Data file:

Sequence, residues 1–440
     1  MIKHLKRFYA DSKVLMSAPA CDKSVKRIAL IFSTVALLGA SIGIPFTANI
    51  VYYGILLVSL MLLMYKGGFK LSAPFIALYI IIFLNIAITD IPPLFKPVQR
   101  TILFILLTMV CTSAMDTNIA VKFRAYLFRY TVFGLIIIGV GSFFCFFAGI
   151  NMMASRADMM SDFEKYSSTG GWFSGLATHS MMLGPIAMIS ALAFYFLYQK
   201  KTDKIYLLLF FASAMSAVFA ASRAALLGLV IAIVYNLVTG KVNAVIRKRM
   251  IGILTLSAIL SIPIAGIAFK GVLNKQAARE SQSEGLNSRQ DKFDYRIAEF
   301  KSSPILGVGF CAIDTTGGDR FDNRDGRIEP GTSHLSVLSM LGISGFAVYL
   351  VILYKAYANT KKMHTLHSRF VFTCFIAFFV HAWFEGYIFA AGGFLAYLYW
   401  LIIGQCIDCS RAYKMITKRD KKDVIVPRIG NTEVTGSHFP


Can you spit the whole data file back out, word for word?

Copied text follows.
Sequence, residues 1–440
     1  MIKHLKRFYA DSKVLMSAPA CDKSVKRIAL IFSTVALLGA SIGIPFTANI
    51  VYYGILLVSL MLLMYKGGFK LSAPFIALYI IIFLNIAITD IPPLFKPVQR
   101  TILFILLTMV CTSAMDTNIA VKFRAYLFRY TVFGLIIIGV GSFFCFFAGI
   151  NMMASRADMM SDFEKYSSTG GWFSGLATHS MMLGPIAMIS ALAFYFLYQK
   201  KTDKIYLLLF FASAMSAVFA ASRAALLGLV IAIVYNLVTG KVNAVIRKRM
   251  IGILTLSAIL SIPIAGIAFK GVLNKQAARE SQSEGLNSRQ DKFDYRIAEF
   301  KSSPILGVGF CAIDTTGGDR FDNRDGRIEP GTSHLSVLSM LGISGFAVYL
   351  VILYKAYANT KKMHTLHSRF VFTCFIAFFV HAWFEGYIFA AGGFLAYLYW
   401  LIIGQCIDCS RAYKMITKRD KKDVIVPRIG NTEVTGSHFP